This was the beginning. My first film. I wanted to make an opening, or find one, inch my way along cinema’s infinite rectangle until I could eye a crease big enough to step into and stare back from a world of replicants, doubles, squeeze zooms and instant replays. You remember that line from Coming Through Slaughter? “He came here and placed my past and future on this table like a road”. That’s how it felt at the time. That I was heading into a medium of time machines. Headed towards the future.
I set out looking for a scratch to start from, armed with my father’s super-8 and a twelve pack of Labatt’s Dry. Driving to a friend’s flat on New Year’s Eve where I shoot a frame at a time all night long. The light so low I had to push process three stops. And when I get it back: the party was nowhere to be seen. All that was left was grain—great white hunks of emulsion turning over some absent centre. An atomic universe that formed an uncanny mirror of the night sky, with the same orbiting celestials running patterns in the small hours of morning. I blew it up to 16mm and watched as the movements of the everyday dissolved into a medium that was less an image of the world than another way to live. The radio brought a choir score by Heinz Holliger named Song for Mixed Choir which became the title for the film. It was filled with a prehistoric grunting, whistling and moaning—a tribeful of pre-linguistic utterances which made the pictures seem primeval—as if the image world arose from an originary broth, a genetic soup, and this was a snapshot of that time. A time before time.
Conceding that my granular New Year’s festivities might not be ‘enough’ I banished it to A roll status—making it a kind of ground or bass line which the second image roll would be printed through. Like a screen. I didn’t want to build concerted movements, but to allow moments, impressions, to shake themselves from this prehistoric ground, to materialize and dissolve again, taking shape, transforming, falling back again. I began with images of travel: subways, a face in a window, a shadow walking up stairs, a hallway trek. I gave my camera to a friend who plots a show stopping Halloween bash, then spends the rest of the evening locked away with his fiancée and an armful of snow. They emerge in brief horrific dashes, Duncan waving the camera threateningly over the crowd, occasionally remembering to squeeze the trigger. For Song ‘s final sequence I head home, filming in the half light of the basement I grew old in, looking on as my brother and father ponder an electronic repair. I shoot them up close, waiting for them to fall in and out of frame, watching them pore over an unnamed and unglimpsed mystery on the table between them. The final shot of the film returns to a hallway—the camera moving towards a brightly lit kitchen—the light of the present and everyday—the light which I imagined would shape the rest of my work.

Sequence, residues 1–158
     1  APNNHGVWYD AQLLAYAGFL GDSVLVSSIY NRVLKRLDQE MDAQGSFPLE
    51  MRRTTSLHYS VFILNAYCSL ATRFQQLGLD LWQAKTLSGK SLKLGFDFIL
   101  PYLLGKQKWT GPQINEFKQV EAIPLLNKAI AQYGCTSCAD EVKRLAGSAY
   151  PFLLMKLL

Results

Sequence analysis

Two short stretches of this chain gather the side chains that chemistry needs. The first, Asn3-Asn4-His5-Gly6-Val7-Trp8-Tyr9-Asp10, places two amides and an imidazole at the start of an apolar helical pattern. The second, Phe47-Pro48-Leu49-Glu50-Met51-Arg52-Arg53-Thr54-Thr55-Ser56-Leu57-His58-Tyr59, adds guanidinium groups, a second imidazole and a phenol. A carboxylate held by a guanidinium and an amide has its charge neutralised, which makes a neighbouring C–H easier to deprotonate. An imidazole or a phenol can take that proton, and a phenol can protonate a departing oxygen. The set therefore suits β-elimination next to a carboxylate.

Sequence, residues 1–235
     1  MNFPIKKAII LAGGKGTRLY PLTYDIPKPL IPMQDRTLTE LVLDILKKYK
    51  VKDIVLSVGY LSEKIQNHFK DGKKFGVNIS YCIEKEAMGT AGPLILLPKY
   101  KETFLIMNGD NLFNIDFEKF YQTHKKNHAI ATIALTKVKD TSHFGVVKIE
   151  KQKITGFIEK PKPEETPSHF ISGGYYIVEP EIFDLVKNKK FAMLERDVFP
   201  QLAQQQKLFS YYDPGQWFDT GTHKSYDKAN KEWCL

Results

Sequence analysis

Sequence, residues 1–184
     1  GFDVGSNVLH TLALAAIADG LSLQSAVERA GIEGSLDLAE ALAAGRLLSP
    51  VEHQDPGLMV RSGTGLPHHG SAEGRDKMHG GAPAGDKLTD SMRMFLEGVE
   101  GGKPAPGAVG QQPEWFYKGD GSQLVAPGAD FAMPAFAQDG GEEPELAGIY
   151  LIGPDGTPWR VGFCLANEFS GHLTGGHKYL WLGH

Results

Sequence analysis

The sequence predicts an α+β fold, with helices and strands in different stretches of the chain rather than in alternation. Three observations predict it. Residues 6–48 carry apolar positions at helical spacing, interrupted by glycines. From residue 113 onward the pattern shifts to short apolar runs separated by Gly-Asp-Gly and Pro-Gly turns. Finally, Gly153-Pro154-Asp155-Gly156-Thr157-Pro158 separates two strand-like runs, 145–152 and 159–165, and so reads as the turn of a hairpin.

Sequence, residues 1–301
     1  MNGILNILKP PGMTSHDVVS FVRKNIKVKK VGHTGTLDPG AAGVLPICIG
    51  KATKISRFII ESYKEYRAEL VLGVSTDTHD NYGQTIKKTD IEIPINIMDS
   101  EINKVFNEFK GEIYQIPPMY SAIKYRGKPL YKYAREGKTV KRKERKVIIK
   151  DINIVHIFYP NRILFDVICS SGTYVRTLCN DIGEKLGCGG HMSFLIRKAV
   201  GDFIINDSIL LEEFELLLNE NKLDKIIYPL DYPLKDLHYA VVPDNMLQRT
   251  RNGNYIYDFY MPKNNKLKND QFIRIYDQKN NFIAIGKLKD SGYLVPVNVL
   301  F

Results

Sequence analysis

Song is an image of cinema’s prehistory—before ‘in the beginning was the word’ but also: before the domain of picture took shape in our imagination. I wanted to show an image showing itself, to undrape its material support, to find the body of picture. If I cut into an image this is what I imagined would issue from the wound: silvery secretions of grain mass bearing the secrets of an atomic universe.